HAMILTON, Bermuda — The Bermuda Musical and Dramatic Society has screened royal weddings. The community theater here in the capital of Britain’s oldest overseas territory has celebrated Queen Elizabeth II’s jubilees, including her Platinum Jubilee in June, marking her 70 years on the throne.
And so on Monday, about two dozen of its members convened before sunrise over bacon sandwiches and mimosas, around a bar in the Daylesford Theater kitted out with Union Jack flags, to toast “To Her Majesty” on the more somber occasion of her funeral.
“We feel an affinity toward her,” said Alan Brooks, 67, a retail manager in Bermuda who served in the Royal Navy. “Whenever there have been any special occasions in her life that we felt we needed to mark, we’ve marked them … And sadly, we’re now marking the last event in her life.”
Those gathered at the theater watched in mostly pin-drop silence. Some sang, softly, or hummed the hymns. Everyone stood for “God Save the King.”
Bermuda’s governor declared Monday a public holiday here, and many of the bars, banks, restaurants and shops on the trendy, pastel-hued waterfront promenade Front Street were closed.
Gov. Rena Lalgie and Premier David Burt were in London for the funeral. Tanya Davis, Lalgie’s private secretary, said officials anticipated that most Bermudians would watch the funeral at home. They were planning a service at the Cathedral of the Most Holy Trinity on Sept. 24.
But not everyone was watching the funeral. Some were apathetic or uninterested. At one open pub in Hamilton, the funeral was on the televisions, but the one couple dining there early Monday afternoon was paying it little attention.
Dylan Wilson, 25, said he caught snippets of the funeral procession on television. Wilson, who works in digital marketing, said he hasn’t given the British royal family or the queen much thought, but was happy to have a day off.
Kris Smith felt otherwise. The 25-year-old project manager did not watch the funeral, opting to spend his morning working out and planning his week instead. He said he’d take his dog for a walk in the afternoon.
“I am very upset with the holiday,” Smith said. “Lots to do and everything’s closed.”
Elizabeth came to Bermuda several times. Her first visit was with Prince Philip in 1953, during her six-month tour of the Commonwealth after her coronation.
Kim Day, the president of the Bermuda Musical and Dramatic Society’s executive committee, has fond memories of a visit in 1994, when the queen had a little conversation with local Cub Scouts. Her son was one of them.
“I was about two feet away from her,” Day recalled. “It was back in the time before cellphones, so nobody took a real close picture, which is a real shame.”
The Bermuda Musical and Dramatic Society, an amateur theater set up in 1945, planned the funeral screening late last week. Jennifer Campbell, a Canadian who has lived in Bermuda since 2001, said some of its members are like her: expats from Commonwealth realms, countries where the British monarch is head of state.
She said she was “in awe” of Elizabeth.
“She made a vow to serve her entire life when she became queen and she did it,” said Campbell, who was dressed in a shirt with a sequined Union Jack flag. “She never, ever floundered. Her commitment was to the monarchy, and she never swayed from that … I know a lot of people have different feelings about the monarchy itself.”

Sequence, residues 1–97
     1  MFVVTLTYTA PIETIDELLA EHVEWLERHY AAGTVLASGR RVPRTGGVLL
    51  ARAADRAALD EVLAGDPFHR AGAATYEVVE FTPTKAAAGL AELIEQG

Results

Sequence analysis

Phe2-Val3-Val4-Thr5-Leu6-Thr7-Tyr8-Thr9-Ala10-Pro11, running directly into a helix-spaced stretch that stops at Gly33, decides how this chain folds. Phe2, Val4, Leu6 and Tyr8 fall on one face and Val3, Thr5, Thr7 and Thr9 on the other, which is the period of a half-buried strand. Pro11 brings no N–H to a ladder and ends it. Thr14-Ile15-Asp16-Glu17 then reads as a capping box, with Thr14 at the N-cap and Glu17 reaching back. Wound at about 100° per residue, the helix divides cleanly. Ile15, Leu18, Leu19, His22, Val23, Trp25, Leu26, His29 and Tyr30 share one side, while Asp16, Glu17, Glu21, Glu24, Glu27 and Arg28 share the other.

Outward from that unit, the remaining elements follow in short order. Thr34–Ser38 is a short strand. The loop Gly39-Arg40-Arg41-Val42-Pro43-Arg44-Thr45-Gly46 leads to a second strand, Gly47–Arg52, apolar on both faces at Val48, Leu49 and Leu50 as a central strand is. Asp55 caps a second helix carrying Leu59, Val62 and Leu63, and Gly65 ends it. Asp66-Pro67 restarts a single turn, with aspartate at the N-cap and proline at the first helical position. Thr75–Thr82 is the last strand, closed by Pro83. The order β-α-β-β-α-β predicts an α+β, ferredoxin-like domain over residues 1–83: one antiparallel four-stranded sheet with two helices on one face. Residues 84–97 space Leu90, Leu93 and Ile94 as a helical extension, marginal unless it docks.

Including in Bermuda. Burt said last week that Elizabeth’s “life and the constancy of her service meant that whether we warmed to the idea of monarchy or not, ‘The Queen’ was the single most immovable feature on the world stage.”
Bermuda has a crown-appointed governor, who represents the British monarch, and a parliament of elected lawmakers. As in other overseas territories, Britain is responsible for defense, security and foreign policy.
The islands were named after Juan de Bermúdez, the Spanish navigator who discovered them, uninhabited, in 1505. A century later, Sir George Somers, a British admiral, was sailing the merchant ship Sea Venture to Jamestown with a group of colonists when they were caught in a treacherous storm and shipwrecked here. (The wreck is believed to have inspired Shakespeare’s “The Tempest.”)
In 1612, King James issued a charter to the investors of the Virginia Company of London that extended the boundary of their colony to Bermuda. Several dozen British colonists arrived and established a settlement in St. George, one of the oldest in the Western Hemisphere.
The crown took over administration of the colony in 1684. Not long after settlement, colonists brought enslaved people to Bermuda, many of them transported through the Middle Passage from Africa. Slavery was abolished here in the 19th century, but Black people continued to be subjected to segregation for more than a century afterward.
Talk of independence here has long ebbed and flowed. In a 1995 referendum, about 73 percent of voters rejected a break with the crown.
Citizens Uprooting Racism in Bermuda described independence as a “natural progression” for a modern democracy, but “the death of the monarch should not in itself be a trigger for Bermudians to pursue independence.”
“We have been settled since 1612, we have our own constitution, laws, traditions, currency and culture, and frankly it is very difficult to see how being a colony or overseas territory benefits Bermuda in any tangible way,” the group told the Royal Gazette newspaper.
Sandy Amott, 64, was born and raised in Bermuda to parents from England. She admired the queen for her seven decades of service and was emotional when she learned of her death.
“In a way, I’m very sorry to be here today,” said Amott, a secretary. “I just thought that she would live forever, and I’m very sad. But rest in peace, Elizabeth, and long live the king.”